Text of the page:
Forests & Fire
Forest ecosystems are dynamic and complex. A disturbance to any part of the network can alter the balance of relationships and affect the entire ecosystem either positively or negatively. Fire is unique in that it can be either a beneficial natural process or a devastating catastrophe. For species like lodgepole pine, fire is necessary to help reduce competition and help the species release its seeds. However, climate change, drought and other conditions have caused occurrences of intense wildfire to increase, which can damage forests so badly that it takes years for them to naturally recover. Wildfire is necessary for forests, but also a threat to them, so strong policies and management are imperative to make sure wildfire is working for our forests instead of against them.
American Forests partners with other organizations to protect the surviving trees on burned lands and to restore forests, educating the public and key decision makers about the importance of these trees. Over the last 10 years, roughly 26 percent of our Global ReLeaf projects have restored forests damaged by fires.
In 2007, ConocoPhillips pledged $2.8 million to fund American Forests’ wildfire restoration project in this area, as part of a carbon offset settlement between the energy company and California Attorney General Jerry Brown. The ongoing Cuyamaca project has laid the groundwork to encourage forest restoration throughout the region.
At the federal level, American Forests has long advocated that decision makers in the U.S. Forest Service, the U.S. Department of the Interior and Congress should address wildfire threats and develop plans and policies for wildfire mitigation and prevention. This resulted in the establishment of the Federal Land Assistance, Management and Enhancement Act (FLAME Act) Coalition, which supported the passage of the FLAME Act that would allow the federal government to enforce funding for larger emergency wildfires without taking away from other important projects.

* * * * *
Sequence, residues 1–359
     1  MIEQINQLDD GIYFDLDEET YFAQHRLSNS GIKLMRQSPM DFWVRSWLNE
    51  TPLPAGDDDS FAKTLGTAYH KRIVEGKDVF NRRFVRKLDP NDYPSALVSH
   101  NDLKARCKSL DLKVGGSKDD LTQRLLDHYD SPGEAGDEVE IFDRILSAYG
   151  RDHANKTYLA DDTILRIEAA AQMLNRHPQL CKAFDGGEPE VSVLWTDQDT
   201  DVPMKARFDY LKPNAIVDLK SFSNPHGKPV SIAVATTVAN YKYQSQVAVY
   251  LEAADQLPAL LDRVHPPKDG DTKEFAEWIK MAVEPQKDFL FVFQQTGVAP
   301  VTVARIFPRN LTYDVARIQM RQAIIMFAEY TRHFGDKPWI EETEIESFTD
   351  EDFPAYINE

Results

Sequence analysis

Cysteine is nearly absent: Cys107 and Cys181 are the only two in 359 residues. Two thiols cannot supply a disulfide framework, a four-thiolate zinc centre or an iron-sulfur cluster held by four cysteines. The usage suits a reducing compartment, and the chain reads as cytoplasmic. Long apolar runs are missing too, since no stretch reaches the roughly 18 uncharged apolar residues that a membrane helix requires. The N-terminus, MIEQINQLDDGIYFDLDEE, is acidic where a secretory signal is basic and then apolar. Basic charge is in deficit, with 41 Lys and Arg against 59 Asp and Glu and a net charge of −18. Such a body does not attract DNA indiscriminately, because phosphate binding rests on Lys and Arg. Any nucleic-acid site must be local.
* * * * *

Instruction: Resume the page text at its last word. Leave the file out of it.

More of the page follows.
Visit American Forests’ Action Center to send pre-written letters to Congress and other representatives to support sound wildfire policy. Letters available now include:
- Asking Congress to support the Collaborative Forest Landscape Restoration program, which restores forests and reduces fire risk in U.S. communities.
Forest Fire News from our Loose Leaf blog
by Loose Leaf Team
By Michelle Werts
During wildfire season, oftentimes, our attention is drawn to the big stories:The evacuation of up to 12,000 campers and hikers in Angeles National Forest over Labor Day Weekend due to the 4,000-plus-acre Williams Fire. More than 7.6 million acres burned across the country as of August 31, 2012 — on pace to be one of the worst years for wildfire in the last decade. An estimated $449.7 million i... (Read More)
by Alison Share, Environmental Public Policy Associate, Crowell & Moring LLP
This month is part two of the brief overview of the history of the U.S. Forest Service’s fire policy. In the past few weeks, Loose Leaf posts have covered the recent, temporary halt to the “let it burn” policy in light of the tinderbox quality of the West, partially due to the current drought conditions. As you’ll remember, the “let it burn” policy evolved in the 1970s to counteract years of total fire suppression. Rome wasn’t bu... (Read More)
by Loose Leaf Team
By Michelle Werts
More than 6.3 million acres across the U.S. have burned in wildland fires this year so far — and dozens of fires are actively burning. Often, when we talk about wildfires, we focus on forest land-management practices, which then devolves into debates questions about fire suppression, prescribed burns and thinning and more. This can lead to policy questions and funding debates that happen far aw... (Read More)